Golda Schultz kicks off Vocal Arts’ virtual fall with women composers

Mon Sep 20, 2021 at 11:40 am

Soprano Golda Schultz opened Vocal Arts DC’s virtual fall season with a program devoted to songs by women composers.

Vocal Arts DC is among those classical music presenters not yet returning to in-person performances. The group announced this month that it would continue to present its song recital series, the best in the city, through high-quality video recording this fall. In January, invited artists will begin performing live again in the Kennedy Center Terrace Theater.

The season opened this week with a streamed recital by South African soprano Golda Schultz and pianist Jonathan Ware, songs composed exclusively by women, recorded in a studio in Berlin, Germany. 

Schultz plied her light lyric voice to an opening set of three Clara Schumann songs, with strong German diction. The legato line could be a little choppy, which was a deficit in the first two songs, “Liebst du um Schönheit” and “Warum willst du and’re fragen?” Ware matched the sensitive rubato Schultz added to these songs and gave an active edge to the roiling piano part in the last song, “Am Strande.”

This was followed by two songs by Emilie Mayer (1812-1883), a pianist who undertook composition studies with Friedrich Loewe after the tragic death of her father when she was 28. Although in the last decades of her life Mayer produced multiple symphonies, works of chamber music, and an opera, she was not even included in the 1980 edition of the New Grove Dictionary of Music and Musicians. Based on these selections, songs were not her best suit, although Schultz made the most of their pleasing melodic lines.

This has been a year of discovery when it comes to British-American composer Rebecca Clarke, whose music graced recitals from both Emily D’Angelo and Laura Choi Stuart in April. Schultz’s sweet, demure voice was wholly charming and extremely effective in delicate songs, like the tender “Cradle Song” and Clarke’s version of “Down by the Salley Gardens,” accompanied by meandering, surprising harmonies from Ware at the keyboard.

Clarke’s ominous setting of William Blake’s “The Tiger” proved a major discovery, with Ware making the most of the menacing chromatic lines and thundering tremolos that set the stage for the wide-eyed poetry. In a similar vein, Schultz’s tense declamation in music made “The Seal Man” the creepy legend that it is, about a hybrid creature probably based on the selkie that seduces a woman and drowns her.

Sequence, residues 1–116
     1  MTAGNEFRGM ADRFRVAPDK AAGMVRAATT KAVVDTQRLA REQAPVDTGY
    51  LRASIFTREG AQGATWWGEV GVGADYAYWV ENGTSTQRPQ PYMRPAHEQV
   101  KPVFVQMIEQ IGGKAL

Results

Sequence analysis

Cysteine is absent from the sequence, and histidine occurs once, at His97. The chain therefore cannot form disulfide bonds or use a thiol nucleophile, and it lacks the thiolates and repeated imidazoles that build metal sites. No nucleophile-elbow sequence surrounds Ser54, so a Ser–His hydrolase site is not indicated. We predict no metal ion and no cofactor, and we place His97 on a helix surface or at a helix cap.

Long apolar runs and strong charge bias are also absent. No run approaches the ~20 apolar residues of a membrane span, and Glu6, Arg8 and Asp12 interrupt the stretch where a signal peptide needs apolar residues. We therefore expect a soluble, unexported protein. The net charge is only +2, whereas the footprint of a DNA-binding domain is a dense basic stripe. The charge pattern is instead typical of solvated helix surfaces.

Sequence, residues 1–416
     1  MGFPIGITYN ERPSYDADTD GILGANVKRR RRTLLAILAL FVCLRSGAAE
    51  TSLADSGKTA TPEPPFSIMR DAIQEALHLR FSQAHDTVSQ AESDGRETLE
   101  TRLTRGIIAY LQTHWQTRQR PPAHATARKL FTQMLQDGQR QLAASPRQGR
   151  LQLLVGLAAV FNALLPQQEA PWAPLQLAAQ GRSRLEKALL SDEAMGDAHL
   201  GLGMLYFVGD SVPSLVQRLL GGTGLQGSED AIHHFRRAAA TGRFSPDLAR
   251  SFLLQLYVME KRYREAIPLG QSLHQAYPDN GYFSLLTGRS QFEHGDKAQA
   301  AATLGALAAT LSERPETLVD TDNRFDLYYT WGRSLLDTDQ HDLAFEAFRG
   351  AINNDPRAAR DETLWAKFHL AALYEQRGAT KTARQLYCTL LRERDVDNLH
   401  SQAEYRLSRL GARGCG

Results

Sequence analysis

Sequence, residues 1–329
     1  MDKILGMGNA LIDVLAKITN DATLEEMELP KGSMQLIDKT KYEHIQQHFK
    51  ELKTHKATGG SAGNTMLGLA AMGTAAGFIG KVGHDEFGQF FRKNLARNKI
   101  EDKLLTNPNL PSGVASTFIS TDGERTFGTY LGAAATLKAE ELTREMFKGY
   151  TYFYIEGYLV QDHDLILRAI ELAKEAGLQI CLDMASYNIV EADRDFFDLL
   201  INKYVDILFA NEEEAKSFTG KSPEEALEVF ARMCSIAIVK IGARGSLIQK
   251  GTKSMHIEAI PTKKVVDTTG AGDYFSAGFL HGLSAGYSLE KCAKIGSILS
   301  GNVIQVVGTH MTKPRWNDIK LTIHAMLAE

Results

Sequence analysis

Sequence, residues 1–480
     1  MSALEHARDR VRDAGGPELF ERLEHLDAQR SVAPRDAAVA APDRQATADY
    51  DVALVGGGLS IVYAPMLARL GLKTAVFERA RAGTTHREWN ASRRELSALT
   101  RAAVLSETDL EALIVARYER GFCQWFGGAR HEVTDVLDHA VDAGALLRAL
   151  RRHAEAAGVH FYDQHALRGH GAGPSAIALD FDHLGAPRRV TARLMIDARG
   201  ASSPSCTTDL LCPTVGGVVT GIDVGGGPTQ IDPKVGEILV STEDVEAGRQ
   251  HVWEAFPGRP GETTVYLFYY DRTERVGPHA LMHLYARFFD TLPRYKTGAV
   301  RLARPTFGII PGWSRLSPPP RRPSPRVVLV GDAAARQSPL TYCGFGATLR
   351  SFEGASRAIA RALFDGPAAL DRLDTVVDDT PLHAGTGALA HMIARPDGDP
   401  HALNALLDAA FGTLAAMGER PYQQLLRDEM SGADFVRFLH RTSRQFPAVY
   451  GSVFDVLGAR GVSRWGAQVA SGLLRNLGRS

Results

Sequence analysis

This song paired cleverly with two songs about legendary female creatures that lure people to their deaths. Clara Schumann used agitated repeated notes in her song “Lorelei” that recalled Schubert’s “Erlkönig.” Schultz ventured into the higher parts of her range in this piece, giving the horror of the words added punch. The melodic, harmonic, and textural content of Emilie Mayer’s setting of “Erlkönig” was even more derivative of Schubert’s famous song, although with chromatic motifs instead of repeated notes.

Schultz and Ware saved the best for last, first with a set of stunning songs by Nadia Boulanger. The lovely “Cantique” and “Elégie” played again to the expressive, reflective strengths of Schultz’s voice. “Prière” took her into the highest territory up to that point in the recital, and she handled the high A, A-flat, and G demands beautifully. The best was “La mer est plus belle,” set to the gorgeous poetry of Paul Verlaine, a dulcet homage to the power and tenderness of the sea.

The final set was a new mini-cycle by Kathleen Tagg, a fellow South African, set to words by Lila Palmer, a brutal, honest sampling of a woman’s perspective on married life and motherhood. Tagg, also a pianist, used some preparations and extended techniques in the accompaniment, such as a bass ostinato on a stopped string in the first song, “After Philip Larkin.” This hollow thudding sound heightened the tension of Schultz’s vocal line.

Ware created magical effects with Tagg’s other techniques, such as glissando on the strings inside the piano case. At one point in “Single Bed,” Ware added a ghostly, harp-like countermelody to Schultz’s voice by plucking strings inside the piano. A more percussive effect came from a louder pluck of one string for rhythmic effect in the pulsating texture of the final song, “Wedding.” Schultz ventured up to a high B at the climax of the central song, a howl of indignation.

The video included brief conversations with Schultz and sometimes Ware, but having them after each set, including two single songs, was far too much interruption. Most interesting was the chance to hear how Schultz experienced the career interruption of the pandemic. Likening it to the film The Day the Earth Stood Still, she said the lockdown not only canceled her performances but her practicing and preparation, as upcoming projects dried up.

At the same time, this forced break gave Schultz a chance to think about what sort of art she wanted to make. This program of women composers, she said, had been rejected by many presenters, leading her agent, for example, to suggest adding some men to the program. The pandemic, for all its negative effects, steeled her will to stand behind the program. Listeners will be all the better for that.

Vocal Arts DC presents baritone Joshua Hopkins and pianist Myra Huang in a streamed recital October 8 to 19.; 202-669-1463

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